Betty Wells can sketch and color a scene from a congressional hearing faster than most of us can draw the arms and legs onto a few stick figures. In her roughly 30-year career as a news illustrator for NBC News, Wells used pens, pencils, markers and other media to reproduce the wild gesticulations of the late Sen. Edward Kennedy (D-Mass.), the divisive hearings on the Panama Canal Treaty, the drama of the Watergate scandal and other high-profile news events and figures — all on tight deadlines. She would go where cameras couldn’t to help her news organization deliver the latest updates.
Wells, 83 and retired, is now releasing a limited number of her pieces of artwork to public institutions and private donors. (Wells’ status as an independent contractor for NBC allowed her to maintain the rights to all of her sketches.) She also has a forthcoming memoir that details the exclusive access she gained to the Supreme Court; her undercover investigative assignment on the Church of Scientology; and the job she sketched, wearing night-vision goggles, while staking out the house of someone involved in the 1980s Abscam public-corruption takedown.
Wells sat down with The Hill to explain how a woman who started her professional life as a fashion illustrator wound up speed-drawing some of the most important people and events in our country’s history.
Q: What are some of the most memorable Capitol Hill moments for you?
[Congress was] the hardest assignment of all. Absolutely, because of all the big rooms and all the many people — the wide shots.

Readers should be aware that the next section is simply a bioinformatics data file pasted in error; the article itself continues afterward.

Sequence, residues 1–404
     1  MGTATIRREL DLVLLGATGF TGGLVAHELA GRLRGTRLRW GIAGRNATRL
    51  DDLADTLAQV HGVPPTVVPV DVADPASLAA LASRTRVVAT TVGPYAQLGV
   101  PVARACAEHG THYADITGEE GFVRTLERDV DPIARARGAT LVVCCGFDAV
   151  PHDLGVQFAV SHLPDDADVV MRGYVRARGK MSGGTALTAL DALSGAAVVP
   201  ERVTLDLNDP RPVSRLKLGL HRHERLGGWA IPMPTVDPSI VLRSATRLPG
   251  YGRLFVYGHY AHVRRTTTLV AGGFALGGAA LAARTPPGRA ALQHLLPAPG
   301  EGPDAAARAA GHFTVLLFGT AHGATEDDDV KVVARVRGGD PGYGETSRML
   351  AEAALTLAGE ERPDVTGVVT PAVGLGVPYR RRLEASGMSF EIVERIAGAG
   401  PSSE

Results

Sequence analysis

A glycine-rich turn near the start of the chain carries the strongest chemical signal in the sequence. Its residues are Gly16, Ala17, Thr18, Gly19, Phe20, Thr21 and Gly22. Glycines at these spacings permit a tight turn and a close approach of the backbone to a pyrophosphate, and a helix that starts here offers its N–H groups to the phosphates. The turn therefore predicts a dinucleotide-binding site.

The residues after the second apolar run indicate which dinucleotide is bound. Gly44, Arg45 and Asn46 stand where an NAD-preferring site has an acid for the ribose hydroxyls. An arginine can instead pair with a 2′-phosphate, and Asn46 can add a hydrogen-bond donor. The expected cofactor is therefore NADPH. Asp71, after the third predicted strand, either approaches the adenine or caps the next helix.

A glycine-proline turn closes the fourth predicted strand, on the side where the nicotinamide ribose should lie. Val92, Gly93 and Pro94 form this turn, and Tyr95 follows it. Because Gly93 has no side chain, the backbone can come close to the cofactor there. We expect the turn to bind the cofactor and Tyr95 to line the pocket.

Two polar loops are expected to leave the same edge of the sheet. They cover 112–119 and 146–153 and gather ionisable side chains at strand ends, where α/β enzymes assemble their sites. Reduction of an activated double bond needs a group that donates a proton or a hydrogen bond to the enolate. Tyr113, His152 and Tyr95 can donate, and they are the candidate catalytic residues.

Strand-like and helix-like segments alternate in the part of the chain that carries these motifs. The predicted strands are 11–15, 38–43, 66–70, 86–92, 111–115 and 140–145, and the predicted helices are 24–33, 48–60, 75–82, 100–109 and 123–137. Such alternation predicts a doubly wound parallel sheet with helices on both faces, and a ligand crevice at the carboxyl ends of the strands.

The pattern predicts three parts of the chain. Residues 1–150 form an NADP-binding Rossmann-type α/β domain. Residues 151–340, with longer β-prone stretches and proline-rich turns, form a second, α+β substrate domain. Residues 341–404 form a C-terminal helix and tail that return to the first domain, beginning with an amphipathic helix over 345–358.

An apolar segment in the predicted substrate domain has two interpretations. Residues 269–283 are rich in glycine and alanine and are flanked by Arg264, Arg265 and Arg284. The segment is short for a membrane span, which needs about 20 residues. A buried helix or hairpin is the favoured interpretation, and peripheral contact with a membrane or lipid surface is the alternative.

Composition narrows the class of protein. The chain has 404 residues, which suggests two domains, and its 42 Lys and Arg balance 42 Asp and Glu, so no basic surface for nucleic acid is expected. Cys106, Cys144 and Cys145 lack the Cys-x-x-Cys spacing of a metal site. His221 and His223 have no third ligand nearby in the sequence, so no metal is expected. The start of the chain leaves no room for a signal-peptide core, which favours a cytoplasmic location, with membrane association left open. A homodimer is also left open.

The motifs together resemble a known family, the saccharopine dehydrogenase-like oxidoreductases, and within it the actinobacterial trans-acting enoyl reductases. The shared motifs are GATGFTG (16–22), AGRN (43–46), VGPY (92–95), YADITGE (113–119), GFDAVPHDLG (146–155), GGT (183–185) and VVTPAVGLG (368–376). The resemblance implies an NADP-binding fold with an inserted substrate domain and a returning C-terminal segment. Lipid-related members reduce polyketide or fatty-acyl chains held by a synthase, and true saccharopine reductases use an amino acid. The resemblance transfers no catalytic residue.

Q: So how would you approach a Capitol Hill assignment?
With trepidation, nervousness, because I knew what it entailed, and it would be important as to whether the function I was covering was in the morning or afternoon. Because if it was in the afternoon, and the deadlines approached, that was hard. So if it was in the morning, great, because that meant I had more time to do those wide shots and group shots and single heads.
Q: How would you sketch so many people in such a short amount of time?
In opera, they have blocking rehearsals where you block in where people stand, and that’s the way I would start — blocking with very shorthand pencil notes, and then go right to pen and ink. And then markers, and then finish up with colored pencils.
Q: Which members of Congress did you like sketching?
[Ted] Kennedy. I thought he was the handsomest thing walking. He was beautiful; he was very passionate in speaking. And I thought [Sen. Richard] Lugar [R-Ind.] was kind of interesting, too — just interesting to sketch. And [Sen. Herman] Talmadge [D-Ga.] was fascinating. He was all over the place — hands, facial expressions and cigars.
Q; Is it good if your subjects are all over the place?
Oh, yeah. I love that. I like action. And I liked anybody that was demonstrative, because it made my job easier. And I love to do hands. When they’re doing hands, it adds to it. They tell so much about a person’s personality.
Q: What were some of the hardest aspects of news sketching, or aspects you didn’t like?